Connect with us





Bun B has revealed that he doesn’t feel it’s necessarily a bad thing that more fans don’t know that JAY-Z‘s “99 Problems” features lines from one of his verses.

While appearing as a guest on the People’s Party With Talib Kweli, the Houston OG was asked whether he felt like a lot of fans don’t know the origins of the first four lines of Hov’s third verse on the hit single, which appeared on 2003’s The Black Album.

The verse hears JAY-Z quoting Bun directly, rapping “Now, once upon a time not too long ago/ A n-gga like myself had to strong-arm a ho/ Now, this was not a ho in the sense of having a pussy/ But a pussy having no goddamn sense, tryna push me.” The lines first appeared on the song “Touched,” from UGK’s seminal album Ridin’ Dirty.

“I feel like enough people know,” Bun B responded. “But I don’t feel like it’s that big of a deal. I would call it mutual respect. We do this a lot in Hip Hop, right? Where we have artists who have said, ‘Fuck that was dope, the way he said that.’ And sometimes you wanna pay homage to that wordplay. How many songs, Kweli, have you listened to and been like, ‘I woulda rhymed that last part like this.’”

“And I think that’s what happens,” Bun B continued. “I think you feel like, ‘This is a dope rhyme, I don’t think enough people heard this shit. I’m finna drop this shit in here.’ Sometimes you take a dope rhyme and make it a hook, and then people gotta go back and figure it out. But nah, I don’t think a lot of people know that. I don’t think it’s a big deal that they don’t know. Or a big deal if they do.”

Fans first learned of the connection between JAY-Z and Bun B via UGK’s famous appearance on the Vol. 3… Life and Times of S. Carter single “Big Pimpin’” in 1999. In the year since Pimp C‘s death, Bun has shared a few behind-the-scenes anecdotes about the hit single, including the fact that the collaboration came close to not happening at all.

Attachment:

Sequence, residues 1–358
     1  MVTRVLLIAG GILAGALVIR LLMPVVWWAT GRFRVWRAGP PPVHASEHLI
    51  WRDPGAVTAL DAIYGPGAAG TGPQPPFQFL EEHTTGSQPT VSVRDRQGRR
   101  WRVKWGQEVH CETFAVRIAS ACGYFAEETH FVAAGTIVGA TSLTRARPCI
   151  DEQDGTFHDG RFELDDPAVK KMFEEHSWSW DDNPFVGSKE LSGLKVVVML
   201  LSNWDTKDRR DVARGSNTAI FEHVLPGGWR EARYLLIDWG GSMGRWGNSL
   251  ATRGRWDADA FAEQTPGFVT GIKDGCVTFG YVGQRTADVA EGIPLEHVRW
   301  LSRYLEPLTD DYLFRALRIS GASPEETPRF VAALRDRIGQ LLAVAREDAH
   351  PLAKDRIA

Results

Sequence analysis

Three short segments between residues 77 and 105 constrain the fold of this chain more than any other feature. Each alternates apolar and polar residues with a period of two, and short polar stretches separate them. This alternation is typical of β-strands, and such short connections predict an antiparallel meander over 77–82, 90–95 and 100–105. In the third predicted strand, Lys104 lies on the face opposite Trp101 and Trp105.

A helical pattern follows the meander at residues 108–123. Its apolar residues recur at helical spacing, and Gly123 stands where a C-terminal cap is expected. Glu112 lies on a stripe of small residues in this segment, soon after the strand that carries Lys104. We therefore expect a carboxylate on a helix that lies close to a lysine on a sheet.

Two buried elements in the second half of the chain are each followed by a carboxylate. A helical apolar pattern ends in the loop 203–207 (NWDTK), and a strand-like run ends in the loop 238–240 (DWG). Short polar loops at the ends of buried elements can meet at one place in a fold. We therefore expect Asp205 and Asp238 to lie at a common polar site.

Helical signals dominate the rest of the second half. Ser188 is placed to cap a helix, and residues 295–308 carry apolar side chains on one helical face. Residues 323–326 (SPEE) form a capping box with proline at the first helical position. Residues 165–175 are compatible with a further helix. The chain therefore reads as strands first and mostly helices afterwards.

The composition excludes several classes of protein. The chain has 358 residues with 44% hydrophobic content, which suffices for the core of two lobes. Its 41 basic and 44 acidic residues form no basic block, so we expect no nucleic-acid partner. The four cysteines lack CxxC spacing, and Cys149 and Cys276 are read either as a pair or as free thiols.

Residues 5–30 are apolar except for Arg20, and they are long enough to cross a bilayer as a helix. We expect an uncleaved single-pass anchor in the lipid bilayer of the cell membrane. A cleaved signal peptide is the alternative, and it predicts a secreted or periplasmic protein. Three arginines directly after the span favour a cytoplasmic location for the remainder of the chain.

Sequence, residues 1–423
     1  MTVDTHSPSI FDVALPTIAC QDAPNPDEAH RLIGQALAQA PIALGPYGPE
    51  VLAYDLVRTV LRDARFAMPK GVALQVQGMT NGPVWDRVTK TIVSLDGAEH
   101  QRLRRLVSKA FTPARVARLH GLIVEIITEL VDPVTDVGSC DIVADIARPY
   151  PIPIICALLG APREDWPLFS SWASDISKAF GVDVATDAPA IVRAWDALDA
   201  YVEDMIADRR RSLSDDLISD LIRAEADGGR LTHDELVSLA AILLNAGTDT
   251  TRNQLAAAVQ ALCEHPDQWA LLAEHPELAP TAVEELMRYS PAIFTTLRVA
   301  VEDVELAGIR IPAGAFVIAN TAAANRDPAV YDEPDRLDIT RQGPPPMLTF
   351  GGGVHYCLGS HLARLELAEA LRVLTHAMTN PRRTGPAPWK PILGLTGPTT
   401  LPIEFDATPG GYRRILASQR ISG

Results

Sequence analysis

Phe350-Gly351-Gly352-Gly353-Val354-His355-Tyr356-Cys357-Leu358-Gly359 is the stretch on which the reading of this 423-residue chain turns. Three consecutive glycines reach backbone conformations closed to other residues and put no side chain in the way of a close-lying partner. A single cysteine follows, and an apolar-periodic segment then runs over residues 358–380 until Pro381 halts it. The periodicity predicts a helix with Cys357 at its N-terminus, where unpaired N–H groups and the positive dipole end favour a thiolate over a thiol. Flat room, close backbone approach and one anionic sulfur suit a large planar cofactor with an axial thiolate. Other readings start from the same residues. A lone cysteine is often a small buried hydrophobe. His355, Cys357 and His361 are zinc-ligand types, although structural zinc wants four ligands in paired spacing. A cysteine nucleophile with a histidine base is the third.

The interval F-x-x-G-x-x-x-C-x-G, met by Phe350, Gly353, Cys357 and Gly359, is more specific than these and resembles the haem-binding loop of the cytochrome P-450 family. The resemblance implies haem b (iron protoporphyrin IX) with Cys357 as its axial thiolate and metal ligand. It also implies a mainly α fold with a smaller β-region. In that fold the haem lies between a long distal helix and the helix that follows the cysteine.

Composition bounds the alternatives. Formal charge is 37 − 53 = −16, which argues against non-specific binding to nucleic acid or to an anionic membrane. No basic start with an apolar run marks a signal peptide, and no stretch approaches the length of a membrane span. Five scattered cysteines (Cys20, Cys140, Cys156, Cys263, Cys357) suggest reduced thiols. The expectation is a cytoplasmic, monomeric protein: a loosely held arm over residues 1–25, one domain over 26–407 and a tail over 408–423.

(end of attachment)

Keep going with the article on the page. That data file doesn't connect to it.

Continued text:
During a 2022 appearance on The Steven Sulley Study podcast, Bun B shared that his late rhyme partner was initially against the idea of UGK appearing on the 2000 single out of respect for 2Pac.

“So, 2Pac was not a JAY-Z fan, this is very well-known,” the Trill Burgers founder said. “JAY-Z had been introduced to UGK by a big DJ in New York named Clark Kent. And he’s like, ‘I like these guys, I wanna work with them. And Pimp C did not want to fuck with people that 2Pac did not fuck with, because he thought 2Pac was the best judge of character.”

The late Port Arthur legend weighed all of this up when JAY-Z reached out to request UGK’s involvement on what would be the best performing single from his fourth studio album, Vol. 3… Life and Times of S. Carter.


“When that first call came from JAY-Z, we were at the house in Atlanta, and [Pimp C] looked up at the wall. And he just stared at the picture. And I’m like, ‘What are you doing?’ And he said, ‘I’m thinking what would 2Pac do right now? And 2Pac wouldn’t want me to fuck with him. That’s why I said, I’m not coming to New York.”

The song would end up becoming a huge success, peaking at No. 18 on the Billboard Hot 100 songs chart and topping the Rhythmic Top 40 chart, thus helping propel JAY-Z’s fourth studio album to triple platinum status.

Ironically, “Big Pimpin’” remains UGK’s best performing single – both as lead and featured artists – and the only song of theirs to crack the top 20 on the Billboard Hot 100 charts.